Pharmaceutical inspection (primarily for tablets) is one promising application for terahertz systems, primarily because the application has already been commercialized by TeraView, which has sold commercial systems into that sector.
For the billions of pharmaceuticals produced every year, quality is a critical concern since not only their effectiveness must be established but their safety as well, and both can suffer from incorrect concentration or even distribution within a tablet.
In manufacturing tablets, pharmaceutical manufacturers need to ensure that the active ingredient is the right amount and that it is evenly distributed, and that coatings and other structures are intact. With recent warnings that ingesting crushed tablets can be hazardous because active ingredients will be absorbed into the bloodstream too quickly, the same threat could be found in tablets whose coatings are not intact or uniform, or have other structural flaws.
Terahertz imaging can provide a three-dimensional chemical and structural map of a tablet without destroying it, even after the tablets have been packaged, and provide information on integrity of structures, uniformity of ingredients, etc. Faulty processing can also be detected, whether or not structures are intact. For example, the terahertz absorption spectra of some common pharmaceuticals will change significantly after the sample has undergone heat treatment, where the far infrared spectra remain virtually unchanged in the same circumstances. Inspection can also be used to establish the authenticity of a product, since counterfeit tablets often have inferior coatings.
Inspection of finished products is an obvious potential high profile application for terahertz systems, but inspection of materials at an intermediate stage of product fabrication may be at least as important. Detecting defects like cracks or non-uniformities in materials is a natural fit for terahertz systems and allows real-time correction of manufacturing processes.
One of the most potentially profitable applications for terahertz systems lies in materials evaluation, where the technology is under investigation for many applications such as semiconductors, solar cells, composite materials, polymer films and dielectric films.
The non-contact nature of terahertz inspection is a big advantage in inspecting materials that have not finished processing. For example, demonstrations have been made using terahertz radiation to measure the thickness of wet paint. In another demonstration, voids in ceramics were detected before the material was cooled off after thermal treatment. This avoided the need to wait for more than an hour for cooling before process parameters could be adjusted to prevent the voids, as would be necessary for the conventional method, ultrasound imaging. The same benefits are likely in plastics manufacture.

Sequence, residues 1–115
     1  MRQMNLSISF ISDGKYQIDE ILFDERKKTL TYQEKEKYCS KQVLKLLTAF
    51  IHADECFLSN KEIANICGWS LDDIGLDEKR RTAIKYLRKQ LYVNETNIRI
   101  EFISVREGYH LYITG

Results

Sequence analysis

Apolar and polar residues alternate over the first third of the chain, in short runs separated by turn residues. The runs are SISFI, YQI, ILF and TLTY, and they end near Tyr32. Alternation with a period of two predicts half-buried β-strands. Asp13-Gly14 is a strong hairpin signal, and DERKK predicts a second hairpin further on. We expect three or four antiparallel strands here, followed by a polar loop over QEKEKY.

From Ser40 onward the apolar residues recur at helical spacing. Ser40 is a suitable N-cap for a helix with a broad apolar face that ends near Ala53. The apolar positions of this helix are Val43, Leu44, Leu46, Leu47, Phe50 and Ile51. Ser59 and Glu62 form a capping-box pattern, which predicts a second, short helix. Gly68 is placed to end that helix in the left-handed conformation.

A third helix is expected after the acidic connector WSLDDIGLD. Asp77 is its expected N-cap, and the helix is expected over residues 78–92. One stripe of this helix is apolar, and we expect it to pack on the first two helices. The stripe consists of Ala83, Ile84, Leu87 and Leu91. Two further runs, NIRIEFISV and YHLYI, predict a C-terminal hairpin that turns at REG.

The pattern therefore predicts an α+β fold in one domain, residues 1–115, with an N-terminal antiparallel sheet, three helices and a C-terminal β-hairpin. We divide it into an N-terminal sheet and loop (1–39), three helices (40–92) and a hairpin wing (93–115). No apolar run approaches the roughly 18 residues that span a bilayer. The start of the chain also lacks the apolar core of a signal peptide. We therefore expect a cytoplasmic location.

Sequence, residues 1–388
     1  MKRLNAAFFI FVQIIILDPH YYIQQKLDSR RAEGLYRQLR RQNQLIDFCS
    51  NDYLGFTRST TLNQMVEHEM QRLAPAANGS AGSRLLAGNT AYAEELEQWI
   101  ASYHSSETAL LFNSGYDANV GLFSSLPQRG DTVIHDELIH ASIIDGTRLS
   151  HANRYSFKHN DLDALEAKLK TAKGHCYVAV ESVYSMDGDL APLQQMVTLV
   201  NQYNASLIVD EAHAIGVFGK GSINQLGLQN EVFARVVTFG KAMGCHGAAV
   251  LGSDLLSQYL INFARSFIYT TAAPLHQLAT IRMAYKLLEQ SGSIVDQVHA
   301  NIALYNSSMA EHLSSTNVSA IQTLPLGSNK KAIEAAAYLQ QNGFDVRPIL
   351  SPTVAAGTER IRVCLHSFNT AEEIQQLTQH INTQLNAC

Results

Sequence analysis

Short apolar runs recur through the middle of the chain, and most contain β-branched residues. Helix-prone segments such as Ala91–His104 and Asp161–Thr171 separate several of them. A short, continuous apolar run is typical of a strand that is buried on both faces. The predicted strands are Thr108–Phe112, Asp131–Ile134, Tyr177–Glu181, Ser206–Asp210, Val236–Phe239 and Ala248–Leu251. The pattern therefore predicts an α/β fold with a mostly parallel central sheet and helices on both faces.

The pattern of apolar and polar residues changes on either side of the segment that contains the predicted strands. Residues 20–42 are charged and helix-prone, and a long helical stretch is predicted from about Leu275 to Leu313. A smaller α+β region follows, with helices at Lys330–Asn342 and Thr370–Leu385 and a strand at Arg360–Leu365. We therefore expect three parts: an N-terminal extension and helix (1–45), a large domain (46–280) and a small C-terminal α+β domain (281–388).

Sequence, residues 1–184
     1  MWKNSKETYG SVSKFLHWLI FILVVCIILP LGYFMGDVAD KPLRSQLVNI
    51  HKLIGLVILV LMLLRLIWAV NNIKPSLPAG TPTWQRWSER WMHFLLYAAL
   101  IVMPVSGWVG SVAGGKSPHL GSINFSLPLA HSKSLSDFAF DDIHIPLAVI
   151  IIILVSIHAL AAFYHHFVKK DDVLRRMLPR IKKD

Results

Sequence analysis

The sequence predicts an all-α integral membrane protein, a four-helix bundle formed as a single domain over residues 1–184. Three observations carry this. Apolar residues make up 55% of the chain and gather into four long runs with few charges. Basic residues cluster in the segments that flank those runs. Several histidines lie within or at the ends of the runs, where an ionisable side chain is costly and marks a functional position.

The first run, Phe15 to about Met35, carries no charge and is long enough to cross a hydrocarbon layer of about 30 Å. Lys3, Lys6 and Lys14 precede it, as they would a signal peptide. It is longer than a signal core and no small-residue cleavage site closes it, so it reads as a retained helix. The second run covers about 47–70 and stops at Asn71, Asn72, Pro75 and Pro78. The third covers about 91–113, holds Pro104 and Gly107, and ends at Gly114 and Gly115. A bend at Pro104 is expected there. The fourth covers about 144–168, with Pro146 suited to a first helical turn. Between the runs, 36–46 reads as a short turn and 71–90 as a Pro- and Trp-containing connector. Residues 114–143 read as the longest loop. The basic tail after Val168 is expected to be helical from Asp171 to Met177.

Applications in semiconductor manufacturing are especially appealing, given the large potential market. Terahertz spectroscopy has already been demonstrated to yield semiconductor wafer parameters including mobility, conductivity, carrier density and the presence of plasma oscillations.
Fault analysis remains a critical task in the manufacturing of advanced semiconductor circuits. These faults can occur in both the substrate wafer and the circuitry. Terahertz systems have been demonstrated to reveal defects in these materials, and could find significant markets in that sector. The viability of terahertz semiconductor wafer and circuit inspection has been a controversial topic but appears to have largely proven itself, at least for interconnect inspection, where similar (millimetre wave) technologies are well established and the transition to terahertz systems would be smooth.
In terms of potential market volume, the manufacturing market in process control, product inspection, material evaluation and related applications is probably the most promising of the emerging terahertz applications. Even in the worst case scenario of relatively slow technical progress, markets can be expected to grow significantly. Terahertz technology can address very real and specific needs in manufacturing, and offers the sector capabilities that in many cases cannot be duplicated by competing technologies.
J. Scott Moore, Ph.D., is president of Thintri, Inc., a full-service consulting firm based in New York. You can reach him at firstname.lastname@example.org.